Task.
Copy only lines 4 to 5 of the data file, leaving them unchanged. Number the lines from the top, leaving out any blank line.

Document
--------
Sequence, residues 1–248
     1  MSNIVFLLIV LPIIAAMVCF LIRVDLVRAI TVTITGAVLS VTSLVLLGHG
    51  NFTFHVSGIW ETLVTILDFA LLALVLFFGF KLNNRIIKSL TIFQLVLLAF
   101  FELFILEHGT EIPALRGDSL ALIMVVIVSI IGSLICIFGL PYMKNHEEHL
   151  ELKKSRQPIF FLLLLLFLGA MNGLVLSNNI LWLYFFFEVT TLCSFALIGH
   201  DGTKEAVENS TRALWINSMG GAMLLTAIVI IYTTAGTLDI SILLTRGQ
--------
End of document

   101  FELFILEHGT EIPALRGDSL ALIMVVIVSI IGSLICIFGL PYMKNHEEHL
   151  ELKKSRQPIF FLLLLLFLGA MNGLVLSNNI LWLYFFFEVT TLCSFALIGH